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Human resources - personal audit and assessment center (bobaa22/Getty Images/iStockphoto)
Human resources - personal audit and assessment center (bobaa22/Getty Images/iStockphoto)

Disruptors

Would you turn over the keys to your social networks to your employers? Add to ...

Would you turn over the keys to your social networks to your employers for them to scan for new hires? Alright, look at it another way: What if your employer offered you rewards – cash, vacations, events – if you brought your friends to come work with you?

That’s the simple premise of Careerify, a startup from a young Waterloo engineer that’s attracted some big-name corporate clients. Careerify wants to gamify, as it were, the recruiting process by asking corporate employees to refer friends from within their own social network lists.

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“Recruiting is hard,” says Harpaul Sambhi, Careerify’s founder, who graduated from Waterloo in 2009. “What we do is go into the employee’s social network and make every employee a recruiter.”

But part of the idea is that, in an age when everybody and their dog has five hundred Facebook “friends,” including the Facebook friends who are dogs, it can be hard to remember who’s doing what offhand. So Careerify gives a digital assist by sifting through an employee’s contacts for them.

If an employee chooses to participate, they will let Careerify access their contact lists on social networks like Facebook and Twitter, much like any other web-based app would. Careerify’s algorithms then cross-reference the job openings in the company’s existing HR backend with what it can discern about their friends, based on their interests, education, location, and even factors like how often they appear to travel, and where they check in from.

Recognizing that the algorithm will only go so far, Careerify only uses this process to winnow down a shortlist of candidates, which it presents to the user. The user can then proceed to recommend that any of the friends in question go ahead and apply for the job; the software sends the recommended friend a message, linking them back to the job page on the company’s HR software. (Harpaul says Careerify integrates with a number of enterprise-level HR applications.)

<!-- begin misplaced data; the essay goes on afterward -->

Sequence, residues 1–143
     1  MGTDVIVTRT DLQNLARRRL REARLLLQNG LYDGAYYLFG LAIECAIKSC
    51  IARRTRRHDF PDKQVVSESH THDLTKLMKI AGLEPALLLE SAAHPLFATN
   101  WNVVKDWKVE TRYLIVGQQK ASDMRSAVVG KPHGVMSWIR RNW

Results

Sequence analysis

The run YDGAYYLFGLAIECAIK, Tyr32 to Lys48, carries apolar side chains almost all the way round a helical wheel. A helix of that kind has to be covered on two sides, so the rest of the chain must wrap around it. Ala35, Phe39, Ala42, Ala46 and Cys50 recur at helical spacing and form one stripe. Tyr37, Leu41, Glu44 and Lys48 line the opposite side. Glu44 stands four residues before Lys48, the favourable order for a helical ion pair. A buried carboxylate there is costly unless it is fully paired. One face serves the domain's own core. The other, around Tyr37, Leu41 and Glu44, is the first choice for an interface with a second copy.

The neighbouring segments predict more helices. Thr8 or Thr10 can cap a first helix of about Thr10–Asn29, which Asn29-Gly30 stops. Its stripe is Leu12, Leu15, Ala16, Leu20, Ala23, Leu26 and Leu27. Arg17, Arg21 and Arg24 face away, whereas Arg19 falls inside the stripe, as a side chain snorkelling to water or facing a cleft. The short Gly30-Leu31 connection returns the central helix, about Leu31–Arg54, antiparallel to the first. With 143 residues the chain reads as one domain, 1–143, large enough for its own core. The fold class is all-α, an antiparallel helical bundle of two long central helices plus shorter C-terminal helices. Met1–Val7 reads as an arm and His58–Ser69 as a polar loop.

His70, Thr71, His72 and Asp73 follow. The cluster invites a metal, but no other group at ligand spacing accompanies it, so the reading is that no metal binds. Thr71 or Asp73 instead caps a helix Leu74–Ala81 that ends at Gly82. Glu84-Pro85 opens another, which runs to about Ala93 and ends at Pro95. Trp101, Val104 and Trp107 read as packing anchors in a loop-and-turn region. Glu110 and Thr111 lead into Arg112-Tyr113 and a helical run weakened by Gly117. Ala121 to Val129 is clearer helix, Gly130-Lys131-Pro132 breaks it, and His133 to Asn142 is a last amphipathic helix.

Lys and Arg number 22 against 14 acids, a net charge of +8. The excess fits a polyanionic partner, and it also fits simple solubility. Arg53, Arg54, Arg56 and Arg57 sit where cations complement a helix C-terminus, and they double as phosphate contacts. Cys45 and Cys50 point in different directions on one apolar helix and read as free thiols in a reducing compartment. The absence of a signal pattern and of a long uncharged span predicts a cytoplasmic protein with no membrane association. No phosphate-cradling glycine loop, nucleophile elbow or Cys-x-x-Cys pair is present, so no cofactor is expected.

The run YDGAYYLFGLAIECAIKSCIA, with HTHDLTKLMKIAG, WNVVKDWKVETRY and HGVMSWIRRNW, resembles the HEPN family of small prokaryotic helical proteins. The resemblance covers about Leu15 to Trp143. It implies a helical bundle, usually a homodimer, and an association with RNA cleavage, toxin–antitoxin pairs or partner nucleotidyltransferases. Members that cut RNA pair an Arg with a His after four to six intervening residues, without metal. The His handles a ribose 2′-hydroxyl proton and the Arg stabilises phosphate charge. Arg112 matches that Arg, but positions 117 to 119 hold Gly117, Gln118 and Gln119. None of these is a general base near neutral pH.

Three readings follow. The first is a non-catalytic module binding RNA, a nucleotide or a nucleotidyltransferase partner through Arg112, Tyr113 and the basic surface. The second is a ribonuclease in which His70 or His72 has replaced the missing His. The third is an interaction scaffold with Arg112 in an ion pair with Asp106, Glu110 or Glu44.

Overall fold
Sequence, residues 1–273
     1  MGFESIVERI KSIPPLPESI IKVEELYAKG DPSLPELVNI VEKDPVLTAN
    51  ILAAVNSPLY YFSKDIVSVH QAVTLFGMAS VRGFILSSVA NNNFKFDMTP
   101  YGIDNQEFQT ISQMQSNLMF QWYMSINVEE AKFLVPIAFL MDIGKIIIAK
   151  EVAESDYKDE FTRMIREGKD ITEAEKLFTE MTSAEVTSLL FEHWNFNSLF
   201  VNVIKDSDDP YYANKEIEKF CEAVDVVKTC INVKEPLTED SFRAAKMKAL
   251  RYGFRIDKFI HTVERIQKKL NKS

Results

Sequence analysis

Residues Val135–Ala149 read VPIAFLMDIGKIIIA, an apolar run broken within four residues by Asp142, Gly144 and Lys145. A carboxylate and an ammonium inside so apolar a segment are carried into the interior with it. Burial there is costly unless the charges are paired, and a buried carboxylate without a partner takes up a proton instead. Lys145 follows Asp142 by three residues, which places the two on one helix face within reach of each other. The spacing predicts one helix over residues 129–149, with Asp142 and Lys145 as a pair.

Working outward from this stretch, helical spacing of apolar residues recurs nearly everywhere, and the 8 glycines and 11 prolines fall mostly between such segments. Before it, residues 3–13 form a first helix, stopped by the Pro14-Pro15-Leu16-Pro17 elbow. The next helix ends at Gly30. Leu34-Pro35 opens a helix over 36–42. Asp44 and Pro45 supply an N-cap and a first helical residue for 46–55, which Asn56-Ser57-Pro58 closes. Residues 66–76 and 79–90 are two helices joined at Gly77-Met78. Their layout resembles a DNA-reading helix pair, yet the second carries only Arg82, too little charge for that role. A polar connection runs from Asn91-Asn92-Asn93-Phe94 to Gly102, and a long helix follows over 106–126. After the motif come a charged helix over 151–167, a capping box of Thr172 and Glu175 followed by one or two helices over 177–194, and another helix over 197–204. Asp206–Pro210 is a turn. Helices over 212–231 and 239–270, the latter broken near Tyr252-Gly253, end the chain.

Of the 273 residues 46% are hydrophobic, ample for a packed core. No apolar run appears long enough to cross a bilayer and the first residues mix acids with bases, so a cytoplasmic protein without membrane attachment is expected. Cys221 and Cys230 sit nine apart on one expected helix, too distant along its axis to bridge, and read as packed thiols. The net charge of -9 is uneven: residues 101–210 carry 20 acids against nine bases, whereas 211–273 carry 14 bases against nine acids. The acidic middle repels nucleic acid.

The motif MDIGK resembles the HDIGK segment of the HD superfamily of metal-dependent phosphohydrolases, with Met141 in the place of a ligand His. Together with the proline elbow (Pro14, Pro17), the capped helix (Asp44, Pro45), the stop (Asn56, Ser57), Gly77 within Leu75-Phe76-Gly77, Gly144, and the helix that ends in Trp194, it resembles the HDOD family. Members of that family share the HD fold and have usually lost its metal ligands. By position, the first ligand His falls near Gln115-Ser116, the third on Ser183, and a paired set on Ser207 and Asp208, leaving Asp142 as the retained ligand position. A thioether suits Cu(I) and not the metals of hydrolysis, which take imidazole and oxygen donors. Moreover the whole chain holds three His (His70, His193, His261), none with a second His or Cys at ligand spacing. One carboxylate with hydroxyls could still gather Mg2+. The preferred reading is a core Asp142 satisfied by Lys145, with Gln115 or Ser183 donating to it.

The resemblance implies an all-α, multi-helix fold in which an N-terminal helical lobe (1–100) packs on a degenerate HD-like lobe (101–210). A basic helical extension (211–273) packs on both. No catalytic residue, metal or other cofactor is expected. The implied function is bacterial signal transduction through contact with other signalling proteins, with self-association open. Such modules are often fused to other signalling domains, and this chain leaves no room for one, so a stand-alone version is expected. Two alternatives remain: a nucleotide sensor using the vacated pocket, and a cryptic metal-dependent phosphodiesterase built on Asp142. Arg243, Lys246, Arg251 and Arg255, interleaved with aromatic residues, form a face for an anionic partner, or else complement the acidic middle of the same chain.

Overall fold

In exchange, the software lets employers structure incentives for employees to take part, be they cash bonuses or activities. Harpaul says one client, Microsoft Europe, offered employees trips to a racetrack where they could drive Lamborghinis and the like.

Of course, for this to work, companies have to entice their employees to sign up for the scheme in the first place. To do this, Careerify targets employees based on their existing social networks in the company. If your co-workers are using the service, it will target you too. “Our systems will name employees around you,” says Harpaul. “We want you to see the names of your colleagues, and talk over by the water cooler.”

Launched in 2013, the service has four full-time employees and has been accepted into the OneEleven accelerator program that’s being run by OMERS Ventures. Already, however, Careerify has snagged clients like Deloitte and Blizzard Activision, and licenses on a per-seat basis. It’s a win-win for companies who can pay steep recruiting fees and employees alike, Harpaul says.

“Companies are reducing their cost-per-hire and increasing retention,” he says. “Not only do you get a cash or monetary compensation, but you get to work with your friends.”

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